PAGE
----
Infrastructure Australia Gets the Free Rein It Needs

Media Release

WT095/2014

18 June 2014

Amendments to the Australian Government's Infrastructure Australia Amendment Bill 2013 (the Bill) have today been introduced in the Senate.

Deputy Prime Minister and Minister for Infrastructure and Regional Development Warren Truss said the government's revisions are in response to stakeholder feedback.

“The government has moved to clear up ambiguities in the Bill, which led to a misunderstanding of the government's reforms to make Infrastructure Australia more independent,” Mr Truss said.

“By deleting three clauses from the Bill, we will provide even greater assurance around the responsibilities and independence of Infrastructure Australia.

“Infrastructure Australia needs to move away from assessing lists based on already announced government priorities and focus strategically on Australia's future infrastructure needs – to inform decisions, rather than play catch-up.

“These revisions show that the Australian Government is focussed on enabling Infrastructure Australia to play its part in building the infrastructure we need for the future.

“We propose to delete Section 5A(2), the intent of which was to exclude Defence projects and projects seeking Commonwealth funding of under $100 million from evaluation. By deleting this reference, the misunderstanding that the Minister could prevent IA from assessing classes of proposals is eliminated.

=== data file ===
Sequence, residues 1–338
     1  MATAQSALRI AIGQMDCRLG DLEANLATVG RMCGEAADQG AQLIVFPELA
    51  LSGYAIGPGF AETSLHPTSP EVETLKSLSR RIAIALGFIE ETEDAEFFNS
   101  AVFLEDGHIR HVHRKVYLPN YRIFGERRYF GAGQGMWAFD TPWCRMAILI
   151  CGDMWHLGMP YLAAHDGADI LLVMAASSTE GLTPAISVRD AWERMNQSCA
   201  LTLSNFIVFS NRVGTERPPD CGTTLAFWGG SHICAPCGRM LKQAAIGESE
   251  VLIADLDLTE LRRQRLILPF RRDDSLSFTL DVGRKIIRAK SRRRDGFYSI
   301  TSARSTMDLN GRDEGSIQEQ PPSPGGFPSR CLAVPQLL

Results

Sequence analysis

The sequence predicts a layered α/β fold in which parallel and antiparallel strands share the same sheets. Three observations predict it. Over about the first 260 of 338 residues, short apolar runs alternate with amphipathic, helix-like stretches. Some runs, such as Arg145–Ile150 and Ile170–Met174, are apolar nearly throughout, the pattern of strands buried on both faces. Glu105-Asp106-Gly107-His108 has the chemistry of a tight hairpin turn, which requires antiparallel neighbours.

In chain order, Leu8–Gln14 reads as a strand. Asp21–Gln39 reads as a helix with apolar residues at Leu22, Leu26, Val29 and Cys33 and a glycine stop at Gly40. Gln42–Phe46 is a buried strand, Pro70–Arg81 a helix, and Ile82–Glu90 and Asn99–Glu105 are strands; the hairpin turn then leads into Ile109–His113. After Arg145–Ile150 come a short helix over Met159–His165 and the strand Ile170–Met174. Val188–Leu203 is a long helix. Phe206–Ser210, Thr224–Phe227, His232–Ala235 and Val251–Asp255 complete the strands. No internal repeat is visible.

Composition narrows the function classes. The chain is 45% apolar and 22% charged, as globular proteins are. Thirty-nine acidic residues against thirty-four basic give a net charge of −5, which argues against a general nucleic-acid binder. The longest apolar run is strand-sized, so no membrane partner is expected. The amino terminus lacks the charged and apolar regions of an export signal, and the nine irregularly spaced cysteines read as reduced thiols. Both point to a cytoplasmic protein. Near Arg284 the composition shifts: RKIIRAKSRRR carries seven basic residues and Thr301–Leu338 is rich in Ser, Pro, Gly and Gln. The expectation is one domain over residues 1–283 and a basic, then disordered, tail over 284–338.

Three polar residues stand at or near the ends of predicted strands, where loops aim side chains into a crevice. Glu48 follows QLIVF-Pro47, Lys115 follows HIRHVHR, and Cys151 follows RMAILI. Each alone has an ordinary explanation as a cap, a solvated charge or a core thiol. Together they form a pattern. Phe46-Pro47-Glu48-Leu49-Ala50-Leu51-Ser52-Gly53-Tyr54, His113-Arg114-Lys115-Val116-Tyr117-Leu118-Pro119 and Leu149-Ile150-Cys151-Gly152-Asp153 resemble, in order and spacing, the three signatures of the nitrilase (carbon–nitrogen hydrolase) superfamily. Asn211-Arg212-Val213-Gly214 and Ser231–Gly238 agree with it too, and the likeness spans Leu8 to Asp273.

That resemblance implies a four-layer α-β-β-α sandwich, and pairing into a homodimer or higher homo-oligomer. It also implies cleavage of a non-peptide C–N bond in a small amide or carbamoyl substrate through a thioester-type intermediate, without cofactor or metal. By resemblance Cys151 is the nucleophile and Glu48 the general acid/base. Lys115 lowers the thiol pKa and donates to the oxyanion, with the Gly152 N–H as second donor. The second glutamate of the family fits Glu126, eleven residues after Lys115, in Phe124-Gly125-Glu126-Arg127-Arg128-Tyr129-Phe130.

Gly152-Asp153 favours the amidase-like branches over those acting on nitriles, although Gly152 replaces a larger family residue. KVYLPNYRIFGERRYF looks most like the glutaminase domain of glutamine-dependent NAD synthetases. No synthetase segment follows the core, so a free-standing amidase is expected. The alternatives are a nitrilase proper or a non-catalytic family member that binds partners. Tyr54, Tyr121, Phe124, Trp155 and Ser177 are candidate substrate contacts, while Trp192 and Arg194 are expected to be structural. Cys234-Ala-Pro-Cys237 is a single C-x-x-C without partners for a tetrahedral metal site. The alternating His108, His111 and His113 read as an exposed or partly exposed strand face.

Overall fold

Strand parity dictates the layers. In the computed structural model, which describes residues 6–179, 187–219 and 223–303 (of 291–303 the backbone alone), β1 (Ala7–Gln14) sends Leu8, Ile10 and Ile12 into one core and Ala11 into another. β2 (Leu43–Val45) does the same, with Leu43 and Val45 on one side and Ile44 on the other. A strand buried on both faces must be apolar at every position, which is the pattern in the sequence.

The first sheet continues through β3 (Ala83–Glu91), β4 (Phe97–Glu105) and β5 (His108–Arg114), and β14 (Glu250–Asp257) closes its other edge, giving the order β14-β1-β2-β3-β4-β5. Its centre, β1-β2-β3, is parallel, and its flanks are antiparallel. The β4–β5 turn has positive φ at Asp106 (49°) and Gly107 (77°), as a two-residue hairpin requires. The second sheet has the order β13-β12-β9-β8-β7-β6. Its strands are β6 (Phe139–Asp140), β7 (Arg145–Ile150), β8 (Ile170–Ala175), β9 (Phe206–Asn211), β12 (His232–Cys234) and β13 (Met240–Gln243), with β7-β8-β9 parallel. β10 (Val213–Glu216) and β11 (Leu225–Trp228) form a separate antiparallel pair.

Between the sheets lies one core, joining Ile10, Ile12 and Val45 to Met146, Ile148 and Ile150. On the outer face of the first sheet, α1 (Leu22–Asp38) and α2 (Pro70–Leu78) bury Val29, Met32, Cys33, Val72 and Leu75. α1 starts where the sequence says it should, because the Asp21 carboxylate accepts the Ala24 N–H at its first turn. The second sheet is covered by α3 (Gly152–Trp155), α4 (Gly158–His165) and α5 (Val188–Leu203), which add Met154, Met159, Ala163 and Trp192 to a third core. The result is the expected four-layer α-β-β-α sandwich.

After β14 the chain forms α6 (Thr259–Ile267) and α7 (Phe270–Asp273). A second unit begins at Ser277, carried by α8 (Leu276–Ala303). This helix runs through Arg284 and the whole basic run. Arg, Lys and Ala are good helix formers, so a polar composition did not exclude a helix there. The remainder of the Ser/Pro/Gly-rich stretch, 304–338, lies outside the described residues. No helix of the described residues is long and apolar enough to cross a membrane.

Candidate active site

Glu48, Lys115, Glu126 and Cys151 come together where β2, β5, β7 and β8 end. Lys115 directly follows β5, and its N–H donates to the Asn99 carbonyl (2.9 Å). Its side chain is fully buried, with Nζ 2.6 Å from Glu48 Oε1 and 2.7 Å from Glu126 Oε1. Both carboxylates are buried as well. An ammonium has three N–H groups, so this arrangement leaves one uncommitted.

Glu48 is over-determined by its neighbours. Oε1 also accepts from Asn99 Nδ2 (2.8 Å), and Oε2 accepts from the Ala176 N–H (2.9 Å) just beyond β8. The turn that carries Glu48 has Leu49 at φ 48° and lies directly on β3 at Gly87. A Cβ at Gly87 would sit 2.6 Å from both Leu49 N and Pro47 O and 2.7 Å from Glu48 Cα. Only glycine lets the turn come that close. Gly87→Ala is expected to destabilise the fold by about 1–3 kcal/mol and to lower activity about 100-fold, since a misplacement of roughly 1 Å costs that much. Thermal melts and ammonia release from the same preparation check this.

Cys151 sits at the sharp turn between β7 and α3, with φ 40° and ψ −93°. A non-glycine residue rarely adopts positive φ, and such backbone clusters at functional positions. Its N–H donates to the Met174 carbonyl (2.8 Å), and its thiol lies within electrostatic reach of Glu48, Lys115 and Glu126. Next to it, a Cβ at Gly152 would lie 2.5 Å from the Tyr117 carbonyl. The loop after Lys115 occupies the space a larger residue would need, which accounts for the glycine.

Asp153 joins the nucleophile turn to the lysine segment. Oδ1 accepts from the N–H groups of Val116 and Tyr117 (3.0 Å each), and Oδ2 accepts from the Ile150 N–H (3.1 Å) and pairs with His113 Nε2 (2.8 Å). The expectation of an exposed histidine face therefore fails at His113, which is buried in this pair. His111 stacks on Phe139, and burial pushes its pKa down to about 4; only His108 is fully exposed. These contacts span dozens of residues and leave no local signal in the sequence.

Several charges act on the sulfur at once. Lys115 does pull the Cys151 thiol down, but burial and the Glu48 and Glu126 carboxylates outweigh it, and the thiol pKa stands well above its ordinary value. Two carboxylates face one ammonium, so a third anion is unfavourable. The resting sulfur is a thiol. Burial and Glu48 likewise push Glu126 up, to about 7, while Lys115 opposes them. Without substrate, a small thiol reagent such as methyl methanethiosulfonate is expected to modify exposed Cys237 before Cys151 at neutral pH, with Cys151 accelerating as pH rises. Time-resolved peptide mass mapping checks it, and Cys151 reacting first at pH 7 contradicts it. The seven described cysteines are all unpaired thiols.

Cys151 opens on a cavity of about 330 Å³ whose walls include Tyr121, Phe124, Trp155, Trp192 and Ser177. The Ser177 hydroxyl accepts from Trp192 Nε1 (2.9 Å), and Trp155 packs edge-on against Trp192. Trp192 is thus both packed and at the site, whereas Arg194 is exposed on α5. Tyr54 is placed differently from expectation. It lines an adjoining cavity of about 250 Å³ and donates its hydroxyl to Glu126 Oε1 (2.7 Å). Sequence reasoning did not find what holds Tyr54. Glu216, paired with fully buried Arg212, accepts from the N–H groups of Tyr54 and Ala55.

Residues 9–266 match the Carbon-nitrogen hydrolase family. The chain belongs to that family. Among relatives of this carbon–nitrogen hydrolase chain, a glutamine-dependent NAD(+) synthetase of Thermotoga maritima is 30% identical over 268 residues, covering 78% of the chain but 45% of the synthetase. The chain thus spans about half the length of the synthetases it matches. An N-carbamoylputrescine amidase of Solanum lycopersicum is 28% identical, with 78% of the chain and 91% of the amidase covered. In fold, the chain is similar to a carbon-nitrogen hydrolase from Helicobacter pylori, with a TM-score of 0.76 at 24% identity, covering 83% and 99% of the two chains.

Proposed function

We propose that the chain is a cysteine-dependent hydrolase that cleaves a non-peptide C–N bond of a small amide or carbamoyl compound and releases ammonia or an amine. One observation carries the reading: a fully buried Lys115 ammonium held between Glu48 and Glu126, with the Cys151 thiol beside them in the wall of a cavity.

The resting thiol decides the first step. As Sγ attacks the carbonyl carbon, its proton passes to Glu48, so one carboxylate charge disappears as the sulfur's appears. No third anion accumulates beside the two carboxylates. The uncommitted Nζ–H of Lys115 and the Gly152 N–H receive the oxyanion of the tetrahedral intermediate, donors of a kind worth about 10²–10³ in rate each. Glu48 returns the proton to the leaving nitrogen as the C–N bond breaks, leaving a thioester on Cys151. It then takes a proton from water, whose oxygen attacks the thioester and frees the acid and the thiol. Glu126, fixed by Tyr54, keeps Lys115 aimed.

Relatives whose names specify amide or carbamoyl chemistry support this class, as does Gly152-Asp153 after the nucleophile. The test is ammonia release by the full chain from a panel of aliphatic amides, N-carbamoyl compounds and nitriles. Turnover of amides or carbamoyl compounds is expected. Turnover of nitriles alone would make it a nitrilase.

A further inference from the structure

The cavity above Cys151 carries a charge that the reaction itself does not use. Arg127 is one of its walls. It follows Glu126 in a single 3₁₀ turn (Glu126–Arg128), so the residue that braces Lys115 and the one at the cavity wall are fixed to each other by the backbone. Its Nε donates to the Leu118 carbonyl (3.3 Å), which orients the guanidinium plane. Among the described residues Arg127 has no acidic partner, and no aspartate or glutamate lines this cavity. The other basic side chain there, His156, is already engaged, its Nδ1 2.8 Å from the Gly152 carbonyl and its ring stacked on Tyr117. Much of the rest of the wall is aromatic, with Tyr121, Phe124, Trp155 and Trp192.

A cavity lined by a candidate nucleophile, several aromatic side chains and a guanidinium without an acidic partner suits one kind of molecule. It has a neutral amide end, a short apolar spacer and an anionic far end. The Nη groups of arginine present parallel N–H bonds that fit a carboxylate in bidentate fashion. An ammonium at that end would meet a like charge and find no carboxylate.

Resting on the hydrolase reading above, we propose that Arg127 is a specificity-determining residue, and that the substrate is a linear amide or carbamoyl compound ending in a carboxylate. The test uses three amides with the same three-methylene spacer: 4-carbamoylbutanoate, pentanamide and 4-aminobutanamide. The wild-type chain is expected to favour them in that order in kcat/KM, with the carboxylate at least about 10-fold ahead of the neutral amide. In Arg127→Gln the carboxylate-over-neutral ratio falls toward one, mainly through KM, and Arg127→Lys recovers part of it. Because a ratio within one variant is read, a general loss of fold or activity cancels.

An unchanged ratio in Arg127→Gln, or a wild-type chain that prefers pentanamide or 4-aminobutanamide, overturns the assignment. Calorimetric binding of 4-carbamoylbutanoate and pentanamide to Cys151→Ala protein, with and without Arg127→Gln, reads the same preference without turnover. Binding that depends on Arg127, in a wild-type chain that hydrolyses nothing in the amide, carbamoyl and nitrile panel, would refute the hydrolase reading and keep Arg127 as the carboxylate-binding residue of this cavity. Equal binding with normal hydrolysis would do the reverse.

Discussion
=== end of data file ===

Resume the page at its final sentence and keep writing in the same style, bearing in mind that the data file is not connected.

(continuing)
“We will move to delete Section 5D, which was intended as a positive power to direct IA to publish its findings, while striking a balance with commercial-in-confidence matters. By deleting this provision, it is clear that it is the responsibility of IA to determine what it will and will not publish in accordance with general law principles, including in relation to breach of confidence, the Privacy Act, other common law principles and the FOI Act.

“We also propose to delete Item 9, subsections 6(3) and 6(4), which were designed to ensure that IA undertook its functions in a timely manner and provided advice on key policy issues relating to Government priorities. The effect of this deletion means that the legislation will revert to what is currently in the Act, whereby, the Minister will be able to provide directions of a general nature only.

“Importantly, the changes we propose do not affect our commitment to give Infrastructure Australia a broader range of responsibilities and charge it with developing a rolling 15-year infrastructure plan for Australia.

“The abolition of the Infrastructure Coordinator role, to be replaced with a Chief Executive Officer answerable to an independent Infrastructure Australia Board, will strengthen Infrastructure Australia's status as a truly independent statutory authority.

“A more robust and transparent Infrastructure Australia is a key part of our plan to build a strong and prosperous economy.”

The revised Bill was introduced in the Senate today and is expected to be debated today.